The truth about Tim

Despite a successful film career and a hit television show taking off, British actor Tim Roth fears unemployment more than ever.

Despite a successful film career and a hit television show taking off, British actor Tim Roth fears unemployment more than ever.

The veteran actor spoke to Metro about joining the TV world with his new show Lie to Me and admitted even with an entire first season almost wrapped up, it’s hard to break away from actors’ paranoia.

“That fear of unemployment, I think it’s part of the makeup of British actors so it hasn’t gone away at all for me. I’m always thinking about it,” Roth said.

Roth, who turns 48 this month, has made a career out of playing wounded, dark characters on both sides of the moral line, whether in his Academy Award nominated performance as the cruel villain in the historical drama Rob Roy or embodying both revulsion and sympathy as the memorable Mr. Orange in the gangster flick Reservoir Dogs.

Now Roth has taken on the leading role in a brand new crime drama based on the true-life research of celebrated psychologist Paul Ekman, an expert in human body language noted for his prowess at detecting when a person is lying. Roth plays the fictional Dr. Cal Lightman as an expert who uses his uncanny skills at detecting lying to assist police in solving cases.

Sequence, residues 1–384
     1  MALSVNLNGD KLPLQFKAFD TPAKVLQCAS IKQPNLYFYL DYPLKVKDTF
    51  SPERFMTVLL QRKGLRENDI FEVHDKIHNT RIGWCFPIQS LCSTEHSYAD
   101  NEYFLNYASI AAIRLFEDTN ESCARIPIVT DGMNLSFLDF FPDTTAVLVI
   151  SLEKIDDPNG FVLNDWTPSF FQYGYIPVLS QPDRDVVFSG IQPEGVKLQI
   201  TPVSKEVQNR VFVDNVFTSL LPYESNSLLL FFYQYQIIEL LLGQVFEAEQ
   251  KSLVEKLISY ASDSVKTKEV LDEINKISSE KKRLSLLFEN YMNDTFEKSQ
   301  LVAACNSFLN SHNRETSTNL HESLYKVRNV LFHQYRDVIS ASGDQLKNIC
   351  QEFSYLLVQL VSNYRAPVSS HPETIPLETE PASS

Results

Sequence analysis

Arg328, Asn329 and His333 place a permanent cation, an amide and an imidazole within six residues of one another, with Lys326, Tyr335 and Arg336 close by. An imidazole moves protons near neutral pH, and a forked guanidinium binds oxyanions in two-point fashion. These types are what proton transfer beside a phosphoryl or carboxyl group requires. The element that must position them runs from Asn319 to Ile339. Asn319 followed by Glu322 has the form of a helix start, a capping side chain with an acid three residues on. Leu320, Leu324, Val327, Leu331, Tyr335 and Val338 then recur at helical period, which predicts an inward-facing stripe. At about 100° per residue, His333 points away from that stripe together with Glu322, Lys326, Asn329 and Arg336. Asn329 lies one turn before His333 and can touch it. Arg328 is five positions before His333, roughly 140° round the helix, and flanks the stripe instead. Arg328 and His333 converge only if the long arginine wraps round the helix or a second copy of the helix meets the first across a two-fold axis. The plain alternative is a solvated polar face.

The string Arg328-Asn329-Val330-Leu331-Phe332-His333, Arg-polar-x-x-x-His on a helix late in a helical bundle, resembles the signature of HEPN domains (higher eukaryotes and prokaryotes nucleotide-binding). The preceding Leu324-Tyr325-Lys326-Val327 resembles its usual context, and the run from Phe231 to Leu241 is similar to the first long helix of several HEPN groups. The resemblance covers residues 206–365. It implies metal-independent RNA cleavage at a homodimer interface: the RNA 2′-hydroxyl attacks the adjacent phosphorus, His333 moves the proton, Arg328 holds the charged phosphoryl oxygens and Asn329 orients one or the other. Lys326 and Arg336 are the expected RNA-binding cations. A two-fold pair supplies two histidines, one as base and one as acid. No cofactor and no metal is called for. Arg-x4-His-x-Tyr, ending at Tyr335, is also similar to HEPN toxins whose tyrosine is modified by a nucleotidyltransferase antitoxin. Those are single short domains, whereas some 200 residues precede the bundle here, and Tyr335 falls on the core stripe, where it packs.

In real life, Roth says he’s no expert on lying but admits lies, especially the little ones we all tell to avoid confrontation or hurting someone’s feelings, are sometimes a necessary part of life.

“The thing about lying is that you do it for all kinds of reasons — the idea of telling the truth all the time is quite exhausting. If people are deceiving you, it’s often with the best of intentions,” he said.

When it comes to doing television, Roth relishes both the chance to tell a new story every week and the hectic speed at which TV productions move.

“When you’re working on a movie, you’re working on one story. The goal is broader on TV and you’re working on a much faster pace, which I enjoy,” Roth said.

Whereas movie productions can offer plenty of time to polish a scene, Roth says television’s breakneck pace forces the actor to trust his or her instincts more.

“You don’t have much time to rehearse! I have a huge amount of respect for television actors now,” Roth said.

Lie to Me has already attracted comparisons to Fox’s other cynical-genius-does-good drama, House, and viewership has been steady since the show premiered in January, suggesting Roth’s perpetual job-fears might be misplaced once and for all.

Season finale

• Lie to Me airs Wednesday nights on Global and Fox — catch the season finale tomorrow night.

 
 
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